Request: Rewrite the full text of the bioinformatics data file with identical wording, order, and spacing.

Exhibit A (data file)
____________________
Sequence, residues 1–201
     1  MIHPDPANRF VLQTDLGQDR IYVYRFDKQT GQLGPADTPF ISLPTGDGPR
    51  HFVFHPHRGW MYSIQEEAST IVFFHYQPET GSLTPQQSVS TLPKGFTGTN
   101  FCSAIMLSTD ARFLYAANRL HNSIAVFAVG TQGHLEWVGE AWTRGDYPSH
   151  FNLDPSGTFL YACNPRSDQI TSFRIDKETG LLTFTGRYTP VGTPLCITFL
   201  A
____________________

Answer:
Sequence, residues 1–201
     1  MIHPDPANRF VLQTDLGQDR IYVYRFDKQT GQLGPADTPF ISLPTGDGPR
    51  HFVFHPHRGW MYSIQEEAST IVFFHYQPET GSLTPQQSVS TLPKGFTGTN
   101  FCSAIMLSTD ARFLYAANRL HNSIAVFAVG TQGHLEWVGE AWTRGDYPSH
   151  FNLDPSGTFL YACNPRSDQI TSFRIDKETG LLTFTGRYTP VGTPLCITFL
   201  A